As noted above an LLP provides the opportunity for flexibility around its internal rules and perhaps has more freedom in such decision making than a company.

Ease of establishment

An LLP can be quickly incorporated same day incorporation is even possible. Essentially to establish an LLP a minimum of 2 members being in business with a view to profit is needed.

An LLP need not file an LLP agreement at Companies House as to how the business will operate i.e. its internal rules. It is not a necessary requirement to have a written document between the members but it is beneficial otherwise default provisions in the LLP Regulations will apply. However, a Company must file the relevant articles of association at Companies House. Arguably it could be a disadvantage that there is no ‘model’ LLP agreement as  this means it will need to be drafted from scratch and could result in greater costs to set up as an LLP in comparison to a company.

Both an LLP and limited company must submit documentation to Companies House upon incorporation including relevant registration forms and in the case of a Company further details of the how the Company is intended to run i.e. the articles of association.

The incorporation fees for incorporating at Companies House are the same for both companies and LLPs.

Limited Liability of Members

The main attraction to an LLP compared to traditional partnerships is the limited liability the members will obtain. The LLP is a separate legal entity, so its members will not be liable for the debts of the LLP except in certain circumstances where the LLP becomes insolvent.

Many new businesses may choose to take this route of an LLP as it provides a safe option of limited liability alike a limited company however an LLP allows more flexibility in terms of how the internal affairs of the business are organised.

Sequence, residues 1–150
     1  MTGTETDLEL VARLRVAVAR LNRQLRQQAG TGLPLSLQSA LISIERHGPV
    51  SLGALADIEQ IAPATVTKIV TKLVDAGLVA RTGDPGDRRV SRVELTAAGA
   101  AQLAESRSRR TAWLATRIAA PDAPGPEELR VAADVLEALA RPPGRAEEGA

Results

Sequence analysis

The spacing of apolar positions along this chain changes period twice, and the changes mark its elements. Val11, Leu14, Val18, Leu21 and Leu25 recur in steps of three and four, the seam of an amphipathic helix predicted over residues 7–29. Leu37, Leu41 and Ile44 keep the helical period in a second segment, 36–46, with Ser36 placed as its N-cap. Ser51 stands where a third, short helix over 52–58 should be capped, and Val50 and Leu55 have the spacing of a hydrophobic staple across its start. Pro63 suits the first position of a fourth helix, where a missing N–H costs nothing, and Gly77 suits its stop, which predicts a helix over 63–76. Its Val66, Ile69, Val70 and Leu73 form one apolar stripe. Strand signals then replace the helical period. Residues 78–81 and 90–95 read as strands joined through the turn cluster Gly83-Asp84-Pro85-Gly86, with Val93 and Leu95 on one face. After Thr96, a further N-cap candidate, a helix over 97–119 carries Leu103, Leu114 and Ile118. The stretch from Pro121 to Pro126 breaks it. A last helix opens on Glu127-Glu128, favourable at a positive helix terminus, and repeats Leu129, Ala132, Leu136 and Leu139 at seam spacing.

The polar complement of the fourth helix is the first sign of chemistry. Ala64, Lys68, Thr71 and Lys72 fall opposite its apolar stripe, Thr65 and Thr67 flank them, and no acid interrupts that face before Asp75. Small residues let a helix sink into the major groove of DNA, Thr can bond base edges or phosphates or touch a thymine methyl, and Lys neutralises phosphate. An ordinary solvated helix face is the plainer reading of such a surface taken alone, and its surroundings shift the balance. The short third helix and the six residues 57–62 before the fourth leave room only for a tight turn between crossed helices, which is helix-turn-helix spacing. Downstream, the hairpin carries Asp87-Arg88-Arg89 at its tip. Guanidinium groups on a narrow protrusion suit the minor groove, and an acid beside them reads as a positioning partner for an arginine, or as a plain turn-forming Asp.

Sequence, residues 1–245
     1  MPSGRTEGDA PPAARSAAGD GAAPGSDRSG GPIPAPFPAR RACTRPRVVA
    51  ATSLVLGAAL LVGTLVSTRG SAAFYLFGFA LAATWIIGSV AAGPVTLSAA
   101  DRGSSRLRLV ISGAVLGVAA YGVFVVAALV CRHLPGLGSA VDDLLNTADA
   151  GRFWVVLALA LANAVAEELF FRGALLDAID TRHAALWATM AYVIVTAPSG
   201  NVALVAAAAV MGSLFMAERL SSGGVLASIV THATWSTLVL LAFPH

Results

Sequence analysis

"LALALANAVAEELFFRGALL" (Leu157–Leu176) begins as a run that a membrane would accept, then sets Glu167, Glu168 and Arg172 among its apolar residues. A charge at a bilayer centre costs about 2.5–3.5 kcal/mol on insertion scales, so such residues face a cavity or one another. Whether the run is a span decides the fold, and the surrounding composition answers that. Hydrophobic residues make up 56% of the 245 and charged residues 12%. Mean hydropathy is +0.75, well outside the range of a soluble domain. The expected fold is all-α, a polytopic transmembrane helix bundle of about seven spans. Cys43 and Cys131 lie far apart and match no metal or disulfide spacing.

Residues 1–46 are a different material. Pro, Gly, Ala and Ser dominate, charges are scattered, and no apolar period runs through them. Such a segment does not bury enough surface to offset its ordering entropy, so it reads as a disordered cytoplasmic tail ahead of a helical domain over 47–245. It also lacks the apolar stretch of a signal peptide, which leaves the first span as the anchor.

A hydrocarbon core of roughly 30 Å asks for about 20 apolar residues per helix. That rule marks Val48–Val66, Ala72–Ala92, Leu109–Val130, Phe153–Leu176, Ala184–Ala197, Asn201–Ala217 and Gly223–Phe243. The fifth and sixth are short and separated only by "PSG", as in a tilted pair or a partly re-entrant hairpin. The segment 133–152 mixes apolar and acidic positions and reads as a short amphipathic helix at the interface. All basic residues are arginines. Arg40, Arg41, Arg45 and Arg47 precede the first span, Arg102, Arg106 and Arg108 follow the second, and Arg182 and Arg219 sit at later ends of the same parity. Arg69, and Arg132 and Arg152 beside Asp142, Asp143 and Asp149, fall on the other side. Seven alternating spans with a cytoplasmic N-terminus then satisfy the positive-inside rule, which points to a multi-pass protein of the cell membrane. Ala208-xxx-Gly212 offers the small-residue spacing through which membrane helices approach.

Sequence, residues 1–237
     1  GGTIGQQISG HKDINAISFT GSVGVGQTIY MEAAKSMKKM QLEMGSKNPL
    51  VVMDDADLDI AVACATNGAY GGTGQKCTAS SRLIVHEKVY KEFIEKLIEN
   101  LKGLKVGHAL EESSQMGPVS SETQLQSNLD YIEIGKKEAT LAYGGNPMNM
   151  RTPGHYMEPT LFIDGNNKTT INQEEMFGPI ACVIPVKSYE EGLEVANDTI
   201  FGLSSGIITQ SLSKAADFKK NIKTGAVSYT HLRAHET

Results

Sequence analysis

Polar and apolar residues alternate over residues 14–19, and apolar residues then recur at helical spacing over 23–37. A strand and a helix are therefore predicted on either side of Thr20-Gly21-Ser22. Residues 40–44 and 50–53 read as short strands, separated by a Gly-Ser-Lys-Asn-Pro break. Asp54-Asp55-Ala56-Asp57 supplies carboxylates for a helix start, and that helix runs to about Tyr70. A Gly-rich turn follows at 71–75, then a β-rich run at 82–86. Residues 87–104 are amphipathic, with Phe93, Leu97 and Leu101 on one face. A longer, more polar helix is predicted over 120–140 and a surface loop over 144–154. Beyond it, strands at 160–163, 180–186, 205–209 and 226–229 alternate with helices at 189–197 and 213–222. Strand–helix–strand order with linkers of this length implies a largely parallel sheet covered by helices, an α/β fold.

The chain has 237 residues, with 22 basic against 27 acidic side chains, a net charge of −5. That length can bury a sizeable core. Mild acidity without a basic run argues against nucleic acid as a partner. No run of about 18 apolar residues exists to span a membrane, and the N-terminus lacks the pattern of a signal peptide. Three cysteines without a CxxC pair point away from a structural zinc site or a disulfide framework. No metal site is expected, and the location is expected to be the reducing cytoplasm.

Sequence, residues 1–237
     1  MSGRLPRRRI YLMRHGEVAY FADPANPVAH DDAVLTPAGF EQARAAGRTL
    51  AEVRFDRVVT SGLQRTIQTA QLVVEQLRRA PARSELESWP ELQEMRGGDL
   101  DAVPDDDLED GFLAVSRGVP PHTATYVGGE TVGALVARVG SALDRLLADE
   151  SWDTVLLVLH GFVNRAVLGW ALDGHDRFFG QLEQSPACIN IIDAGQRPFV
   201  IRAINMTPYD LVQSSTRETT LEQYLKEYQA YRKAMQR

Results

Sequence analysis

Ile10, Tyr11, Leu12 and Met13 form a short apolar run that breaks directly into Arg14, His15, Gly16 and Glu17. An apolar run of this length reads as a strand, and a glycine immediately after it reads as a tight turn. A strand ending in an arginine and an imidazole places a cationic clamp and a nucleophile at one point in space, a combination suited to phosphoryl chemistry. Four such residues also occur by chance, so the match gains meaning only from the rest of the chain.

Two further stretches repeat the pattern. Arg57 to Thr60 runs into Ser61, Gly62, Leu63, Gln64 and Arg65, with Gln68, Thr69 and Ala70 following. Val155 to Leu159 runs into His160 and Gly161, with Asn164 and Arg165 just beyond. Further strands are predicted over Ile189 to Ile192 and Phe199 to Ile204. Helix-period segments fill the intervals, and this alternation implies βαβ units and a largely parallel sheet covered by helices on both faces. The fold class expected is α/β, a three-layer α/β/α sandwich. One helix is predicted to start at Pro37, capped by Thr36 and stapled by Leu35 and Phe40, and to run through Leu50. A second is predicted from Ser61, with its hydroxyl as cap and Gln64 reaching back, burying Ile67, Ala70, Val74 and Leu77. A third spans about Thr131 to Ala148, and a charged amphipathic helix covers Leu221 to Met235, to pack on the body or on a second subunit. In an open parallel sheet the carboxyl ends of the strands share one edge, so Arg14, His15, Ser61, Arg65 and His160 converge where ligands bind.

The Companies Register Activities Report for 2014/15 showed that there are currently 3,313,430 Limited Companies and 59,996 LLPs registered within the UK these figures were taken from a snapshot on 31st March 2015. This highlights the fact that Limited Companies are still the most popular business medium however LLPs clearly have significant appeal as a choice of business ownership. It will be interesting to see if significant numbers of LLPs continue to be incorporated, although only time will tell.

The links below provide further information regarding an LLP:

This blog poBeth Lst was written by Beth Liddle. Beth is a MLaw student working in a business and commercial firm within the Student Law Office. On graduation she hopes to secure a training contract within a commercial firm.  In the meantime she plans to undertake paralegal work and also pursue her work at Citizens Advice Bureau to develop key skills she will be using in practice.




Business and commercial students graduate in style!

It was great to see so many of the SLO’s Business and Commercial students at the Law Congregation on Thursday 9th July. Graduation is always the highlight of the academic year and it is was a pleasure to celebrate this special day with our former students and their friends and families. It was also exciting to hear about our students’ other recent achievements. As well as brilliant degree results, many of our students were celebrating other successes including awards and travel scholarships, work placements and job offers. Victoria and Elaine, the Business and Commercial firm supervisors, would like to say congratulations to everyone who graduated and to thank them for their hard work over the course of the year.


SLO supervisor Victoria Gleason with graduating students Connor Cartledge and James Warnock

For those graduates who have not done so already, remember to sign up to the Alumni networking platform, a great way to keep in touch with other graduates and Law School staff.